STAIRWAY explored the extended durability of faricimab (RG7716) in the treatment of neovascular (“wet”) age-related macular degeneration (nAMD), a leading cause of blindness globally in people aged 60 and over.
At 52 weeks, faricimab patients dosed either every 16 weeks or every 12 weeks demonstrated sustained vision outcomes comparable to ranibizumab dosed every four weeks.
STAIRWAY is a 52 week study that assessed two extended dosing regimens of faricimab 6.0mg given every 16 weeks or every 12 weeks, compared to ranibizumab 0.5 mg every four weeks. At week 24, 65% (n=36/55) of people treated with faricimab had no active disease, highlighting the potential of 16 week dosing in nearly two-thirds of patients. Initial vision gains, as measured by Best Corrected Visual Acuity (BCVA), were fully maintained through to week 52 with both 16 and 12 week dosing regimens. People treated with faricimab dosed every 16 weeks experienced a mean improvement of 11.4 letters from baseline, compared to 10.1 letters in patients treated with faricimab dosed every 12 weeks, and 9.6 letters in patients treated with 0.5 mg ranibizumab dosed every four weeks. Comparable reductions in central retina thickness were also observed in people treated with both dosing intervals of faricimab and those treated with ranibizumab. Faricimab was well tolerated with no new safety signals observed.
In addition, data on the investigational Port Delivery System with ranibizumab (PDS) in patients with nAMD were also presented at the AAO Annual Meeting, comprising further data from the phase II Ladder study, and the trial design of the phase III Archway study. The small, refillable eye implant, which is slightly longer than a grain of rice, is designed to allow most people with nAMD to go six months without needing a refill.
Allergan have released their clinical trial results for abicipar where they assessed the efficacy and safety of abicipar compared with ranibizumab in treatment-naïve patients with neovascular age-related macular degeneration (AMD).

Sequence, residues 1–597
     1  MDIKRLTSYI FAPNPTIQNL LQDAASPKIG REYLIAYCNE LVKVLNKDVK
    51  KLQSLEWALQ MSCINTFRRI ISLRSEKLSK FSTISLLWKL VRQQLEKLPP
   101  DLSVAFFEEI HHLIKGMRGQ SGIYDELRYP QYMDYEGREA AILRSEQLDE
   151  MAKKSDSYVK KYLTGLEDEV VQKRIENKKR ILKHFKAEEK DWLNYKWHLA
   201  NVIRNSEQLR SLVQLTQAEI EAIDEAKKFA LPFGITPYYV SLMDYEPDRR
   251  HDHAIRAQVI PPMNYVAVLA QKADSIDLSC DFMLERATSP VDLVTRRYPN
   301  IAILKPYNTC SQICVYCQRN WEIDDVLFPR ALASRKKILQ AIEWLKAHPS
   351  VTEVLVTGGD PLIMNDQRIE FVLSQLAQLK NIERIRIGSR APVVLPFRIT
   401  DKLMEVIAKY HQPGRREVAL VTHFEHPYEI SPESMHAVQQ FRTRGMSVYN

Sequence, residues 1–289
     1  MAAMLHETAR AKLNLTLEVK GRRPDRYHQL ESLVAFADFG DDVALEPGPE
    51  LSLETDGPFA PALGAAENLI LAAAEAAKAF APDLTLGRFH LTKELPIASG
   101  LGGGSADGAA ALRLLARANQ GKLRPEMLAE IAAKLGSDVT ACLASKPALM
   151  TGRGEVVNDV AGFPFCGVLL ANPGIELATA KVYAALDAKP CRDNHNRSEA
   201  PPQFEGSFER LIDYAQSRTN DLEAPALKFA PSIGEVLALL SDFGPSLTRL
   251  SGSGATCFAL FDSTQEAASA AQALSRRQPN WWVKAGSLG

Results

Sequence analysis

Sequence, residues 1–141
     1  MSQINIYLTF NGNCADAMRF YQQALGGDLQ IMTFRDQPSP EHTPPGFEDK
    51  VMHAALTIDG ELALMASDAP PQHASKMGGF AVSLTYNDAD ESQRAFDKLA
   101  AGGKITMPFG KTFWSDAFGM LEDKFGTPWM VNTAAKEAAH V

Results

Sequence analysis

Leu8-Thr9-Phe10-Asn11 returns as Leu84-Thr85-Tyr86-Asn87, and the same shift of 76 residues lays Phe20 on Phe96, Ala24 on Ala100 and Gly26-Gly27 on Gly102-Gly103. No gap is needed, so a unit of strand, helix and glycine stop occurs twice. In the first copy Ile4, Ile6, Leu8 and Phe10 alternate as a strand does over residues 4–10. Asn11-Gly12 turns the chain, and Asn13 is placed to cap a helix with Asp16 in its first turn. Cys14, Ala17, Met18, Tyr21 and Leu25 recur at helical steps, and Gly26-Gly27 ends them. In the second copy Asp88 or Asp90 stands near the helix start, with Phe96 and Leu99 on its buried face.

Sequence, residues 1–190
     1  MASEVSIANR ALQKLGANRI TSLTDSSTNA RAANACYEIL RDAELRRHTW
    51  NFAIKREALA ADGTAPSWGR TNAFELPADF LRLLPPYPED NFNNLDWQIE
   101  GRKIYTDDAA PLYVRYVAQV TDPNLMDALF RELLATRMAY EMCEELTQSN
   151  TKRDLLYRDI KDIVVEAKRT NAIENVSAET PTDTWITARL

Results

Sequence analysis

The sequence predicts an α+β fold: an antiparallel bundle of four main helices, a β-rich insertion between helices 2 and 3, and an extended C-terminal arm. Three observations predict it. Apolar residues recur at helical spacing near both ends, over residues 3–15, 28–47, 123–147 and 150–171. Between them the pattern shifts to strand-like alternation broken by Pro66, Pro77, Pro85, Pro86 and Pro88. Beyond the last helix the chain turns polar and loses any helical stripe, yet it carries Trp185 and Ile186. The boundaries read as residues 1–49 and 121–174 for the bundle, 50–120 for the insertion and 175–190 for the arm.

Topline results presented earlier this year showed the majority of PDS patients – including approximately 80% of patients in the high-dose PDS group – went six months or longer between the implantation and the first required refill of the device. Importantly, patients in the high-dose PDS group achieved similar visual outcomes as 0.5 mg ranibizumab dosed every four weeks.
The NHS Confederation has recently commented on the nAMD treatment Avastin
Faricimab in nAMD and the PDS are the two most advanced investigational treatments in Roche’s robust ophthalmology pipeline. In addition to Archway, two pivotal phase III studies for faricimab are currently open and enrolling: RHINE and YOSEMITE.
Sandra Horning, MD, Roche’s Chief Medical Officer and Head of Global Product Development said, “Because current anti-VEGF monotherapies for neovascular AMD are burdensome, requiring frequent clinic visits for eye injections, some people are under-treated and experience subsequent declining vision over time. The STAIRWAY data show the potential of faricimab to allow fewer injections while achieving and sustaining the same visual gains seen with a current standard of care. Based on these data, we will be initiating a global phase III programme for faricimab in nAMD.”